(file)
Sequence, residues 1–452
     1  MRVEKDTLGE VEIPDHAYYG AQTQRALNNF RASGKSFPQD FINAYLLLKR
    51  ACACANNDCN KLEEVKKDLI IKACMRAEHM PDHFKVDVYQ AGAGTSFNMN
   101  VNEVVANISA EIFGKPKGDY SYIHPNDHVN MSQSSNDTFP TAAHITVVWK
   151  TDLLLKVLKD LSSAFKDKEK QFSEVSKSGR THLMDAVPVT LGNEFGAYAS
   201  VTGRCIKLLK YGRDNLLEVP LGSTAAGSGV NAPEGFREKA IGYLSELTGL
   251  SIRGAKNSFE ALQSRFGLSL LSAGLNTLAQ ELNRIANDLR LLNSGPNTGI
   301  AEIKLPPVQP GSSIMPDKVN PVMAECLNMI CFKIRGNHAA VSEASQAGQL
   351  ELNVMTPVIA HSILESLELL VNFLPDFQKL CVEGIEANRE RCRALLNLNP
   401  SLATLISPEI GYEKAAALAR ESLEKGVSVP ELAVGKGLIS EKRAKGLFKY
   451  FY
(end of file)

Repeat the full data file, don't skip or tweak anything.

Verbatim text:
Sequence, residues 1–452
     1  MRVEKDTLGE VEIPDHAYYG AQTQRALNNF RASGKSFPQD FINAYLLLKR
    51  ACACANNDCN KLEEVKKDLI IKACMRAEHM PDHFKVDVYQ AGAGTSFNMN
   101  VNEVVANISA EIFGKPKGDY SYIHPNDHVN MSQSSNDTFP TAAHITVVWK
   151  TDLLLKVLKD LSSAFKDKEK QFSEVSKSGR THLMDAVPVT LGNEFGAYAS
   201  VTGRCIKLLK YGRDNLLEVP LGSTAAGSGV NAPEGFREKA IGYLSELTGL
   251  SIRGAKNSFE ALQSRFGLSL LSAGLNTLAQ ELNRIANDLR LLNSGPNTGI
   301  AEIKLPPVQP GSSIMPDKVN PVMAECLNMI CFKIRGNHAA VSEASQAGQL
   351  ELNVMTPVIA HSILESLELL VNFLPDFQKL CVEGIEANRE RCRALLNLNP
   401  SLATLISPEI GYEKAAALAR ESLEKGVSVP ELAVGKGLIS EKRAKGLFKY
   451  FY